“I think the insurance company of the future is willing to reinvent itself with empathy,” Nakatsuji said. “Real empathy, not just customer-centricity-corporate stuff. The Insurance company of the future is the one that will have a pragmatic acceptance of their role in people’s lives built on a foundation of empathy.”

Naveen Agarwal, chief customer officer at Prudential Financial, stressed that good customer experience is based on two core components: it must be both functional and evoke an emotional response.

 

  1. Speed it up and reduce friction – or miss opportunities

With new technology, product development is happening now faster than ever before, according to Mariel Devesa, head of corporate development and innovation at Farmers Insurance. The carrier built a product to insure ridesharing in just three months – in the past it would have taken nine to 10 months.

“Speed to market is very critical. That’s where the digital insurer and technology come together,” added Guarav Garg, CEO of personal lines at AIG. “If you can take out the friction issues and costs, it reduces go-to-market time dramatically.” Empowering agents with digital tools – even for those working with high-touch clients such as wealth management – enables them to provide higher quality service, Garg stressed.

Underwriting is another area moving faster than ever. Here’s one of my favorite quotes from InsureTech, from Tammy Pascuzzi, strategy director at Principal Financial: “I am going to be bold: It would be great where we have ‘instant issue’ kinds of processes. We are on that path and the journey to offering a more omnichannel experience.”

 

  1. It’s “Gold Rush” time for insurance technology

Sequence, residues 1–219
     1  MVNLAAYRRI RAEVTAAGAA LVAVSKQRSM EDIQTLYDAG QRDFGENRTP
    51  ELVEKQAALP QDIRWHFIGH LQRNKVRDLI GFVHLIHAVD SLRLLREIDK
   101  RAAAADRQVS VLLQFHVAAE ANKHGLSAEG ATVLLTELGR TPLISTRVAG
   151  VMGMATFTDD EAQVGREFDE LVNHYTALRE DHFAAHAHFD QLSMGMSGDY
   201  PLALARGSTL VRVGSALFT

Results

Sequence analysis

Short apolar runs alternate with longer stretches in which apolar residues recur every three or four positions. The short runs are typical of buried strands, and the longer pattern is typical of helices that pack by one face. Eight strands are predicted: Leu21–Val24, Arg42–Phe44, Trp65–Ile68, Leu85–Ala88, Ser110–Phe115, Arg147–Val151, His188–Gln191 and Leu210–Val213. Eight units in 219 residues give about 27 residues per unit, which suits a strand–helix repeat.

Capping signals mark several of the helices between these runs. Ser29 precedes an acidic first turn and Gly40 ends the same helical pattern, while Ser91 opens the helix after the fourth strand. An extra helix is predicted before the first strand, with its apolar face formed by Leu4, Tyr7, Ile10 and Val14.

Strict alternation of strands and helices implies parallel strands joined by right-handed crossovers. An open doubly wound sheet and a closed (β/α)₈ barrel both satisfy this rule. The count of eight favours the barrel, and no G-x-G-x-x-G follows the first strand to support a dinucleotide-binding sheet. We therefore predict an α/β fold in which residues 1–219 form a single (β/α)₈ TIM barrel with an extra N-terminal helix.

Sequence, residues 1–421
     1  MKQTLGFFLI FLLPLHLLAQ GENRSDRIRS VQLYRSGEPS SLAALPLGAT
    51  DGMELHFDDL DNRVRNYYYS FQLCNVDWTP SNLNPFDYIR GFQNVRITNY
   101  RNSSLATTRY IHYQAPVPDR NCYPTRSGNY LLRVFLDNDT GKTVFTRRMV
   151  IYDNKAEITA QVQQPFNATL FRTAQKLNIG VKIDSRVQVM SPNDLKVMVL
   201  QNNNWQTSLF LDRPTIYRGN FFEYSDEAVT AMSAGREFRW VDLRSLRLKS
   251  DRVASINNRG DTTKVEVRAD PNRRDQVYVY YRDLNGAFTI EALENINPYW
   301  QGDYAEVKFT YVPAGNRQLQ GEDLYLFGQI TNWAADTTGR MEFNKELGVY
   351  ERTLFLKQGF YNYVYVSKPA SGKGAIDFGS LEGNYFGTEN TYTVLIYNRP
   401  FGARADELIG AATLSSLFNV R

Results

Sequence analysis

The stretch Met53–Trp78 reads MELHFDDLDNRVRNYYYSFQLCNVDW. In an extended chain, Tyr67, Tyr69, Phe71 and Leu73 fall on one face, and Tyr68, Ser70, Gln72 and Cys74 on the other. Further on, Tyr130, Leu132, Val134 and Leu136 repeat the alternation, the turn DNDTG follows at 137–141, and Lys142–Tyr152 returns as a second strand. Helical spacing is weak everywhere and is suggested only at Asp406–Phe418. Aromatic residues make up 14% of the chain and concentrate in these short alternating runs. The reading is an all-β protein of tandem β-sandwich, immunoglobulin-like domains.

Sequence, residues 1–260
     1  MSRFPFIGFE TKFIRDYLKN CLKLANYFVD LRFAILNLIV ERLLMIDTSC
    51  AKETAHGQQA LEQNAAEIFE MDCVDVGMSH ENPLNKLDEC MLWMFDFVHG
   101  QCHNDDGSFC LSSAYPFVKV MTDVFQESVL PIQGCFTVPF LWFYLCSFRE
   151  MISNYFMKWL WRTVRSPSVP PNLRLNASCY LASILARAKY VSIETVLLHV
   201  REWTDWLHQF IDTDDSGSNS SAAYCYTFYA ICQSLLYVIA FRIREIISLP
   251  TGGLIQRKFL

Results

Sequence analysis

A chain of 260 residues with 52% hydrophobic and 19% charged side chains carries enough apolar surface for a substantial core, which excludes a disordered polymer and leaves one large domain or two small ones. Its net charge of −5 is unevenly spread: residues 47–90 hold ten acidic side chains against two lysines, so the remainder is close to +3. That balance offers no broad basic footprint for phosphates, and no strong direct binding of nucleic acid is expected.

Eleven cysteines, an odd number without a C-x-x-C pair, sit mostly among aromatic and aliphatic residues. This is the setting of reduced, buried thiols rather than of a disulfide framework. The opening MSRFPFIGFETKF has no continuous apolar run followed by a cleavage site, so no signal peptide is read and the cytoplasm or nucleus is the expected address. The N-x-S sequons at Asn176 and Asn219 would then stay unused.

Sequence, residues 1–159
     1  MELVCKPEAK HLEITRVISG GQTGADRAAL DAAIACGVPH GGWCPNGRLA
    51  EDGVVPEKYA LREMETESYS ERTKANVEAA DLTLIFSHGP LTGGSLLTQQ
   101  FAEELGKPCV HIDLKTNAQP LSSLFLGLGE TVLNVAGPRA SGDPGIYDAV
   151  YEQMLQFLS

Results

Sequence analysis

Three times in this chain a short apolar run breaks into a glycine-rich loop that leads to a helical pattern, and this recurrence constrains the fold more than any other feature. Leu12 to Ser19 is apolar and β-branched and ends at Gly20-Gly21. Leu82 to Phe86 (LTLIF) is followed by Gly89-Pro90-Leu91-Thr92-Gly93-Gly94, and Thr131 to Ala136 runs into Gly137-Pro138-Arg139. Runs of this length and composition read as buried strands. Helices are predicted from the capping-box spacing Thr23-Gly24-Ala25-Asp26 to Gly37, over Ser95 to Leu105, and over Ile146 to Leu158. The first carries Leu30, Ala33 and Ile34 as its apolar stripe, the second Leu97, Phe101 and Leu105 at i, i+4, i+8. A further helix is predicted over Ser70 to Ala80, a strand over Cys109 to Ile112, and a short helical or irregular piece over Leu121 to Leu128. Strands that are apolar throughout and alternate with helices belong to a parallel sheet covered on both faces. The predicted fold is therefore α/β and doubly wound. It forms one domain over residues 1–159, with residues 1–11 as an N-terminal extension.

Insurance companies used to have an advantage with proprietary tech systems, but those days are at an end, said Chris Longo, COO of Amtrust Financial Services. Insurers of all sizes now have access to technologies they didn’t 10 years ago. “It’s a gold rush,” Longo said. Several insurers, including Amtrust, said they created new innovation groups within their organizations to understand gaps and opportunities for improvement in digital technologies. Seems like a trend in carrier org structures.

 

Wrapping up InsureTech Connect: What’s next?

A common thread among attendees: forward-thinking insurers know their competition looks more like Amazon and Uber, not like traditional insurance. That’s why tech providers like Intelledox have emerged to help insurers rethink the customer experience across those moments of truth.

Despite the sad events just one night before in Las Vegas, it was exciting to feel the crowd energized by new ideas and strategies. If you attended ITC2017, I’d love to know your top takeaways. I can tell you we’re walking away with renewed enthusiasm and excitement for how Intelledox fits into this digital insurance ecosystem.

If you’d like to know more about how we help insurers, please click here or email me at Karen.oakland@intelledox.com.